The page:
Sacramento Worker Protection, Health, and Safety Act
- This ordinance became effective July 15, 2020, essentially requiring larger employers to provide emergency Paid Sick Leave as required of smaller employers under the federal Families First Coronavirus Response Act (FFCRA).
- Requires employers with 500 or more employees to provide supplemental Paid Sick Leave to employees for reasons relating to COVID-19.
- Employers must provide up to 80 hours of Leave to full time employees and two weeks equivalent Leave to part time employees.
- Ordinance set to expire on December 31, 2020; however the City of Sacramento will evaluate the impacts and effects of the ordinance within 90 days of its effective date.
- More Information: Sacramento Worker Protection, Health, and Safety Act.
San Francisco Paid Sick Leave
The San Francisco Office of Labor Standards Enforcement issued new guidance on the use of San Francisco Paid Sick Leave during the current local health emergency.
- This supersedes the previous guidance issued on March 24, 2020.
- Increases the number of days an employee may take leave without being required to show documentation from three to five days.
- Changes the reasons for which leave may be taken to include time off for the employee, or a family member in their care, to receive a COVID-19 vaccination, or to deal with the side effects of that vaccination.
- The provision under the previous guidance which allowed people in a “vulnerable population” to take leave has been removed.
- Read Full Bill
San Francisco Workers and Families First Program
- The city is using $10 million in public funds to provide 5 additional sick days to private-sector workers affected by COVID-19.
- This Leave is over and above existing Leave policies. To receive the additional Sick Leave:
- Employees must first exhaust their available Sick Leave
- Employees must exhaust or be ineligible for federal and state supplemental Sick Leave and
- Employers must agree to extend Sick Leave beyond current benefits
- More information: Office of Workforce and Economic Development.
San Jose Paid Sick Leave Ordinance
- An April 7 city ordinance requires certain San Jose employers to provide two weeks of Paid Sick Leave to employees who cannot work due to the impacts of COVID-19. The ordinance applies to employers who are not required to provide Emergency Paid Sick Leave under the federal Families First Coronavirus Response Act (FFCRA).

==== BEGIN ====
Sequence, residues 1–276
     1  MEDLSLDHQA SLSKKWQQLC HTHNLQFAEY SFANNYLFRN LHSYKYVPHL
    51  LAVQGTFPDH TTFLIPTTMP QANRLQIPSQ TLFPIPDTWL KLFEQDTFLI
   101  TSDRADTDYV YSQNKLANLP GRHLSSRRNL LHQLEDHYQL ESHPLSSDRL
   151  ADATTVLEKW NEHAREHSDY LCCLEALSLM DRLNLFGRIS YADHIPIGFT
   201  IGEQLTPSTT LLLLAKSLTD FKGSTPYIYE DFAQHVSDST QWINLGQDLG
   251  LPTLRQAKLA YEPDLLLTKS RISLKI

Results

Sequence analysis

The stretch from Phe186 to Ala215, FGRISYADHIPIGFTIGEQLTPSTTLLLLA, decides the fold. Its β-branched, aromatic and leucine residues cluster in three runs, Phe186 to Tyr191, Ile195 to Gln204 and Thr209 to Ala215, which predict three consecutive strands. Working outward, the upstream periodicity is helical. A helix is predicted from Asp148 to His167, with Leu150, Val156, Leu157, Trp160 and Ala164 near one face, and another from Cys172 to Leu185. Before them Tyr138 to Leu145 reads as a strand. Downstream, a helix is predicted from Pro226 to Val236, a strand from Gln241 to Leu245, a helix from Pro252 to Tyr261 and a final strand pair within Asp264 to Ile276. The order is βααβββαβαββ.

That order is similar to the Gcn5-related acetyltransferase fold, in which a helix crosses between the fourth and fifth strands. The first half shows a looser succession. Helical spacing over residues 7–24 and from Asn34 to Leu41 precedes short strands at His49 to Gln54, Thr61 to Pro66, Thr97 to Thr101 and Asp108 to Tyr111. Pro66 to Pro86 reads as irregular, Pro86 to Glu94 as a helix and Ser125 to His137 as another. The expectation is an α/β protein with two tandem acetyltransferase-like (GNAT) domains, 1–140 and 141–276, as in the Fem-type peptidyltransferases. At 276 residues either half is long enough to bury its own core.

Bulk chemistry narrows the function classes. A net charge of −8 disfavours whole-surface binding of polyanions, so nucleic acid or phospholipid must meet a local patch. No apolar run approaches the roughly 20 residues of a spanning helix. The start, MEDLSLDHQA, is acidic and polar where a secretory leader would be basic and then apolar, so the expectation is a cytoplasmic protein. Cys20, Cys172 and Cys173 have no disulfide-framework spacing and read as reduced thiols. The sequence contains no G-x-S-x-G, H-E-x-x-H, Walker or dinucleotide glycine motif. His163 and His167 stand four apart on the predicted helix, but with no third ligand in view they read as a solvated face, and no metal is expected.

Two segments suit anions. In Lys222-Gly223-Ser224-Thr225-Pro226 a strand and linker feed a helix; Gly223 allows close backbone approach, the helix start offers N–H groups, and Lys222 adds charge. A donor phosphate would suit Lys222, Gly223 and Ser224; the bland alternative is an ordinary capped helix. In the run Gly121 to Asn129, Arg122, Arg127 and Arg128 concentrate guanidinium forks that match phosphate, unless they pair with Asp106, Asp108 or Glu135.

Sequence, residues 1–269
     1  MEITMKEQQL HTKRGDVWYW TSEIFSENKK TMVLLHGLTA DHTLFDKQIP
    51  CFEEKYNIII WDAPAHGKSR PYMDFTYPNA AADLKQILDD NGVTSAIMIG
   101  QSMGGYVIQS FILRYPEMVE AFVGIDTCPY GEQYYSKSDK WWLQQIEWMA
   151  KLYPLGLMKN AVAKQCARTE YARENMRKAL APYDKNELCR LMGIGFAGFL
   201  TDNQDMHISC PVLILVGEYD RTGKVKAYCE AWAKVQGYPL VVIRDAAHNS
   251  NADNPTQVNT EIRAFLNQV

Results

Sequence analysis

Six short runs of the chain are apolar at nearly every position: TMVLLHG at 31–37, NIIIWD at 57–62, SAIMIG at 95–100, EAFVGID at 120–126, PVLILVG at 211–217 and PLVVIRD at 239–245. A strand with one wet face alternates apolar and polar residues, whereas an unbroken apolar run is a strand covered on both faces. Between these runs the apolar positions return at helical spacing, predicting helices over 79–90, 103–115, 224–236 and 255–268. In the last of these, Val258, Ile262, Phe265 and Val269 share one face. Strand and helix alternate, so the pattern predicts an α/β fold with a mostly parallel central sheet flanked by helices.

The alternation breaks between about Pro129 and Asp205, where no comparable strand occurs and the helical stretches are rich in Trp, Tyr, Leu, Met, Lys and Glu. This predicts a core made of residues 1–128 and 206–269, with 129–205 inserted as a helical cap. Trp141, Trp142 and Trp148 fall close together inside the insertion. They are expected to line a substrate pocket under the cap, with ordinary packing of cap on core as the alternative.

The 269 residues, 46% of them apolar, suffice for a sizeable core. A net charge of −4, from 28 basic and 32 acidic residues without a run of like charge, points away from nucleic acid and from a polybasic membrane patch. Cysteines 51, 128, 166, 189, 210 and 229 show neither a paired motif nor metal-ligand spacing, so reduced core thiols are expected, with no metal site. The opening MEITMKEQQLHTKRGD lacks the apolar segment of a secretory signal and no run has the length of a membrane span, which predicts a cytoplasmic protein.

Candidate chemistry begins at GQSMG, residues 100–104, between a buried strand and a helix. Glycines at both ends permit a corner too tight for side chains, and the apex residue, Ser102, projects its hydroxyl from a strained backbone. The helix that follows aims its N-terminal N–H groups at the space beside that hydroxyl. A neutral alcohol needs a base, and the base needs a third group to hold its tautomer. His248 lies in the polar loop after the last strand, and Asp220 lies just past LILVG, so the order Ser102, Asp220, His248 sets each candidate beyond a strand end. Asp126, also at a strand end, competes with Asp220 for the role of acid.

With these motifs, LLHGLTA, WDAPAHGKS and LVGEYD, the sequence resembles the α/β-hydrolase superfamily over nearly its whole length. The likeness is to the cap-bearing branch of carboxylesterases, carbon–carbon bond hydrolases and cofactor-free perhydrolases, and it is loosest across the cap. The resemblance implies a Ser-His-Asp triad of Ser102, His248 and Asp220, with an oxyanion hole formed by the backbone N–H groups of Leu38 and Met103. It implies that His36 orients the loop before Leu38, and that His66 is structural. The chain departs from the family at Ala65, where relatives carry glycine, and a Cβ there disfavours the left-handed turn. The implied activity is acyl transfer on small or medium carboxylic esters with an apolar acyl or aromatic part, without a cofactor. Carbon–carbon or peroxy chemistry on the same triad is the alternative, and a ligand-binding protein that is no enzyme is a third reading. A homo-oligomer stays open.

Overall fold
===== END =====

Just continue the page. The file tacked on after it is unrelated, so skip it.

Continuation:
- The city ordinance entitles employees to Paid Sick Leave if:
- They or someone they are caring for are under quarantine or isolation orders
- They are advised by a health-care provider to self-quarantine
- They have symptoms of COVID-19 and are seeking a diagnosis or
- They are caring for their child whose school or daycare is closed
- Employees will receive their regular pay, up to $511 a day and a total of $5,110 if the leave is for self-care. If an employee is caring for someone else, they’ll receive two-thirds of regular pay, up to $200 a day and total of $2,000.
- There are exemptions for employees who can work from home and for employers who offer an equivalent amount of paid personal Leave.
- These provisions are in effect from April 8, 2020 to December 31, 2020.
- More information: San Jose Emergency Sick Leave Ordinance.
Sonoma County Emergency Paid Sick Leave
New ordinance requires employers with 500 or more employees to provide supplemental Paid Sick Leave similar to that which is already required of employers with fewer than 500 employees under the federal Families First Coronavirus Response Act (“FFCRA”).
- The ordinance is temporarily effective from August 18, 2020 through December 31, 2020.
- Requires employers to provide up to 80 hours of supplemental Paid Leave to full-time employees and two weeks equivalent of Leave for part-time employees if the individual is unable to work or telework due to specified reasons relating to COVID-19. Unlike the federal law, this ordinance does not provide an exception for health care providers, emergency responders, or union members.
- Individuals who are covered under a similar ordinance in the city of Santa Rosa are excluded from this ordinance.
- Employers must grant employees Leave upon written request and may require the employee to inform them of the reason Leave is needed, however employers are not allowed to require documentation.
- Leave must be paid at the employee’s full rate, up to $511 per day and $5,110 in the aggregate.
- Employers must provide employees with a notice of their rights, as detailed in the ordinance.
- The provisions of this ordinance will automatically extend if the FFCRA is extended beyond December 31, 2020 for as long as the FFCRA is active.
- More information: Ordinance No. 6320.